Animals with access to waterways can deposit urine and faeces not only directly in the water but also on surrounding stream banks. Heavy rain and rising water levels can flush this waste into streams. Damage occurs from direct contamination of waterways and the effects on local habitat quality.
Stock activity around and within waterways can:
add sediment and sediment bound-phosphorous from pugging and bank erosion, which reduces water clarity, smothers the stream bed with fine sediment and increases the likelihood of algal blooms
negatively affect other downstream water users
damage aquatic grass beds which are a natural habitat and breeding ground for native fish
Regularly used crossings can be damaging to the habitat downstream of the crossing, though the effects will not be as severe as unlimited access along the banks. Machinery can also cause damage to stream banks, for example, when cultivation or harvesting takes place too close to the stream.
Things to consider prior to fencing for stock exclusion:
Plan what you want to do before fencing.
Fence back far enough to allow for movement of the waterway.
Consider farm layout when putting new waterway fences up.
Plan where crossings will go.
Once fenced, the riparian area will probably need some management. You may require weed or pest animal control.
The stock exclusion regulations prohibit the access of cattle, pigs and deer to wetlands, lakes, and rivers. These regulations were developed as part of the Essential Freshwater work programme. The purpose of the regulation is to reduce the impact of damage to our waterways from livestock.
About the regulations:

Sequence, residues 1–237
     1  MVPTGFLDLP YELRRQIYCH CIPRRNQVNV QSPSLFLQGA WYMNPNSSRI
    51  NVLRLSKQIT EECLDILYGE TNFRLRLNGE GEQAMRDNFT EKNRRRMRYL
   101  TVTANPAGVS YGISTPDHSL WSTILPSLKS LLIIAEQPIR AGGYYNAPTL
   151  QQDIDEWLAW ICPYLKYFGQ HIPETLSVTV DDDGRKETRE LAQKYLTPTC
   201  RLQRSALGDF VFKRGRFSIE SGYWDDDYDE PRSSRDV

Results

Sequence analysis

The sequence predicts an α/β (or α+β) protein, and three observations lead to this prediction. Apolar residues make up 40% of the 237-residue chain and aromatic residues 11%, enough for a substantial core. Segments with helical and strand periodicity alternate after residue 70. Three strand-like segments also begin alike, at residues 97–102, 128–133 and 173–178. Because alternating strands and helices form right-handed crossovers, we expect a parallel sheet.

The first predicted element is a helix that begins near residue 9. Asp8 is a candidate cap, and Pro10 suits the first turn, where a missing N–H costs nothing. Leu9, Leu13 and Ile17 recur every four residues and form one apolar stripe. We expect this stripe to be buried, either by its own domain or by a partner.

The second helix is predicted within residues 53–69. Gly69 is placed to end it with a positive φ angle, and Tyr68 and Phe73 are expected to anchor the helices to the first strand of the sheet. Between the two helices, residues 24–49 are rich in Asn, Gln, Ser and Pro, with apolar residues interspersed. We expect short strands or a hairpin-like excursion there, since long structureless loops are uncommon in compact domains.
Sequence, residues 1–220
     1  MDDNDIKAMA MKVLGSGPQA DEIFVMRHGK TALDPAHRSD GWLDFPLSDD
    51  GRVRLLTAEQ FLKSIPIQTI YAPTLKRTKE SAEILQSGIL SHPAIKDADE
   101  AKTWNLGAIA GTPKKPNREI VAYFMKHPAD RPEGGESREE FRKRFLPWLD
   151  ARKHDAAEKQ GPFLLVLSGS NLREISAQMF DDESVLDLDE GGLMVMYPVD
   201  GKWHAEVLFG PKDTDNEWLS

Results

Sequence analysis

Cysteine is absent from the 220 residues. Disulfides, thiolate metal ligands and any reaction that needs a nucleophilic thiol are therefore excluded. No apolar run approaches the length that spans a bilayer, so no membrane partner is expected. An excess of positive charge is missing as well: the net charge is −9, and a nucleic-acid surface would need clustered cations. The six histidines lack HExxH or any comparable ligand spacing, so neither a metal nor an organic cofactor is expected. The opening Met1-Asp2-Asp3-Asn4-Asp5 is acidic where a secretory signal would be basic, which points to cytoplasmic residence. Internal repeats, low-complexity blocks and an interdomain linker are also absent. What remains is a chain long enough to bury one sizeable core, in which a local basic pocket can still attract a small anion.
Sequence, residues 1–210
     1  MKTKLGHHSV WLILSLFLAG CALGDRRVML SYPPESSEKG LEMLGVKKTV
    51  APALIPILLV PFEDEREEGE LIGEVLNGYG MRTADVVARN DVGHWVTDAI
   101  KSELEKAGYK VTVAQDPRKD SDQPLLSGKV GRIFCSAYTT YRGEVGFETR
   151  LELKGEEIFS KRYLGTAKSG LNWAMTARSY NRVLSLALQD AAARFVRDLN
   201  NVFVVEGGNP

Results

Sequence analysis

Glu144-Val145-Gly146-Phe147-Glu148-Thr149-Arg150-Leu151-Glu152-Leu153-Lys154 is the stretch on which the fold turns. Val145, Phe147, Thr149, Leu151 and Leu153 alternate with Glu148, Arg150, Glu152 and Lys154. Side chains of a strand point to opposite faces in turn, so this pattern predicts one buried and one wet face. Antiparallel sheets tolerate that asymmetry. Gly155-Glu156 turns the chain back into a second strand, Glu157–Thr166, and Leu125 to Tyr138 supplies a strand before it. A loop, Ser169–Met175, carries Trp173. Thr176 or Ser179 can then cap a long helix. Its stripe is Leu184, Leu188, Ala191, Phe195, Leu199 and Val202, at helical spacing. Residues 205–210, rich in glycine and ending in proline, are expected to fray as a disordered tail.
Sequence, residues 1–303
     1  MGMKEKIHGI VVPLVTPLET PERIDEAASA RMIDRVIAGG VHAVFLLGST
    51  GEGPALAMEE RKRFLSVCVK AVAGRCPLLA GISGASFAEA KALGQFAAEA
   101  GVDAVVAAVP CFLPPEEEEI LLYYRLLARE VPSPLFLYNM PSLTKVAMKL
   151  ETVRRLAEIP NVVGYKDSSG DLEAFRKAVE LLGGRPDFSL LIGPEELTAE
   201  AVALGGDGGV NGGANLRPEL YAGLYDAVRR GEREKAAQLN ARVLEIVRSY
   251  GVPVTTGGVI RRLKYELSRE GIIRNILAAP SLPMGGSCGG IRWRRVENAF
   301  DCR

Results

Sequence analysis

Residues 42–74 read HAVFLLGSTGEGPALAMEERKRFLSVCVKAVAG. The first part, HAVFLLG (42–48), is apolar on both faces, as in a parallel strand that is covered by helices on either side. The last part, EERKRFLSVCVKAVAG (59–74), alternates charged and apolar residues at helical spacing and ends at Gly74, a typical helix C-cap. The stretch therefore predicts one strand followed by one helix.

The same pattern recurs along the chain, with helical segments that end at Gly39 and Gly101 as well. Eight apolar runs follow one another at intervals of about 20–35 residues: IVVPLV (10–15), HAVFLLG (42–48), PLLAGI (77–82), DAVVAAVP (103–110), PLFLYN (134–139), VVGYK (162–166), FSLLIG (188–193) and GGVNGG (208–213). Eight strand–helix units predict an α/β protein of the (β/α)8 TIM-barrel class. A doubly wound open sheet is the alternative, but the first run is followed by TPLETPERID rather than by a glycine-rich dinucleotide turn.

These regulations came into force on 3 September 2020 and apply to a person who owns or controls beef cattle, dairy cattle, dairy support cattle, deer, or pigs (stock).
The regulations require the person to exclude stock from specified wetlands, lakes, and rivers more than one metre wide.
Dairy cattle, dairy support cattle, and pigs must be excluded from the water bodies regardless of the terrain.
Beef cattle and deer must be excluded from the water bodies regardless of terrain if they are break-feeding or grazing annual forage crops or irrigated pasture. Otherwise, the requirements apply to beef cattle and deer only on mapped low slope land.
Stock must be excluded from the beds of lakes, rivers, and wetlands, and must not be on land closer than three metres to the bed of rivers and lakes. However, stock need not be excluded from land within three metres of the bed if there is a permanent fence in place on 3 September 2020.
Stock, except deer, may only cross a river or lake by using a dedicated bridge or culvert, unless they cross no more than twice in any month. The regulation sets out specified circumstances when cattle and pigs can cross without a dedicated culvert or bridge. Deer are not subject to restrictions for crossing rivers and lakes.
The low slope land maps are part of the regulation and are available to view in the Maps section – Other Information. This data set was created by the Ministry for the Environment with support from Manaaki Whenua - Landcare Research in the selection of elevation model and method for calculating the slope layer.
The mapped areas show low slope land where beef cattle and deer must be excluded from lakes and rivers over one metre wide from 1 July 2025. The mapped areas also show where all cattle, pigs and deer must be excluded from natural wetlands with an area more than 500 square metres from 1 July 2025.
The low slope land map shows land with an average slope less than or equal to 10 degrees across the land parcel, or area of land parcel used for grazing. Land parcels were chosen as the unit of measurement because they provide a readily available boundary with clear ownership or management responsibility. Some steeper land is captured in the areas mapped if the average slope of the whole land parcel is less than 10 degrees.
The low slope map is currently under review by the Ministry for the Environment.
Nagels, J. W., Davies-Colley, R. J., Donnison, A. M., & Muirhead, R. W. (2002). Faecal contamination over flood events in a pastoral agricultural stream in New Zealand. Water Science and Technology, 45(12), 45-52.